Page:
There is no real way to induce the type of mind or psychological mind-state that one will encounter when life and limb are on the line under circumstances that involve no rules and a very real danger of loss of life or great bodily harm but this would get the practitioner a modicum of experience. 

What I suddenly realized is that the Marines use the same type of training over a long period of time, basic training that lasts about three months, that expose recruits to such stresses that would provide the same survival-stress type exposure, experience and testing. The moment a recruit steps off the bus and assumes the position on the famous, for Marines anyway, yellow footprints. Take a look at the current video’s on Marine recruit training or any of the military training. Consider that for some that extends into other training regimens and those combat circumstances. Thinks also training requirements for Grunts, Marine Recon and others like the Navy’s Seal/Buds training, the Army’s special forces and so on. 

Now, considering this and the example provided by Miller and Kane, can you come up with scenario’s that would also induce such stress reaction training for the dojo? 

Consider those ancient training beliefs many Asian martial arts programs use such as the winter training done in the cold and snow. Add in some of the training stresses that are described by both Miller and Kane or Military stuff and you might actually have some stress inducing training that will provide some semblance of reality for self-defense martial arts.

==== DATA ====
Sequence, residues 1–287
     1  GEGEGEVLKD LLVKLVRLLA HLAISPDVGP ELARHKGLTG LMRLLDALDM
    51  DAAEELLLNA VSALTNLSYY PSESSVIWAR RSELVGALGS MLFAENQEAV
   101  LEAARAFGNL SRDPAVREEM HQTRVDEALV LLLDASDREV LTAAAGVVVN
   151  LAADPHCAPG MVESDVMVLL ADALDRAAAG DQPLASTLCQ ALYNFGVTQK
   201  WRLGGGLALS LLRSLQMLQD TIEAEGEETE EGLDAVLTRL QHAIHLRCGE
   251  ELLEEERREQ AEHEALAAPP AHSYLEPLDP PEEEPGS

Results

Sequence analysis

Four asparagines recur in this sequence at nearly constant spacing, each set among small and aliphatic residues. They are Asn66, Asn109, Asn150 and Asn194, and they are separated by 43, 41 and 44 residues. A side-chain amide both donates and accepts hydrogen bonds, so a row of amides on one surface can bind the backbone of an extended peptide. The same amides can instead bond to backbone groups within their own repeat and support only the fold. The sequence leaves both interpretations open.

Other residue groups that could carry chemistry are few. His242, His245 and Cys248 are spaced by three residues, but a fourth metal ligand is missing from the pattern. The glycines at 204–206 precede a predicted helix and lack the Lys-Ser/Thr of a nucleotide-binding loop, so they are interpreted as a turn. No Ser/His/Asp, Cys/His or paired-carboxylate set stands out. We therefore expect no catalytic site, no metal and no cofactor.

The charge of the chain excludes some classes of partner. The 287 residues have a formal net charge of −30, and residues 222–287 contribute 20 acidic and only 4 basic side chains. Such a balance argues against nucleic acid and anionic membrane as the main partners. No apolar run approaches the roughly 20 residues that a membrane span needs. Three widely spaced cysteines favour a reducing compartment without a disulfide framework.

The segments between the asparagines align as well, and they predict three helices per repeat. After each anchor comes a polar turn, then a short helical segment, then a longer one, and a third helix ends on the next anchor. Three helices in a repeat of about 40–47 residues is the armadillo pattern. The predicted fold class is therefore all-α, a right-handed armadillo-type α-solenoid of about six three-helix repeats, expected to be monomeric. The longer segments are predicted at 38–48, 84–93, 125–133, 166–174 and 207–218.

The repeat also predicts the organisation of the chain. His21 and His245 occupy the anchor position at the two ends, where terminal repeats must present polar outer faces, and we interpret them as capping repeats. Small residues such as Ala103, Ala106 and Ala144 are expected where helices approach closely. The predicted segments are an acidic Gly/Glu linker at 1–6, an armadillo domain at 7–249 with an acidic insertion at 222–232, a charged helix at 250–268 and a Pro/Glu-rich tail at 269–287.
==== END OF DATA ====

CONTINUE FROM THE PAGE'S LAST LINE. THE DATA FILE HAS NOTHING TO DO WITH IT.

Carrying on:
Add in those training opportunities like the many commercially run challenge races, i.e., the Spartan Races type challenges. Those quasi-military training challenges that will definitely induce stresses that you can use to train your mind-set/mind-state. An example, take the Spartan race challenge (I just picked this one out because some family and friends like the Spartan races) for example. You can get a group of practitioners together to run a race and then have half attack and the other half defend throughout the race to induce survival-stress like situations (careful here, you may have to let the race promoters know what you are doing so they don’t think racers are fighting.). Or, you can do kata and two person drills immediately after completing certain challenges or obstacles through out the race (better yet, so they won’t assume racers are fighting). 

Once you get some of this going on in your training, use your imagination to create more opportunities to create stress-survival like training. 

Primary Bibliography of Self-Defense: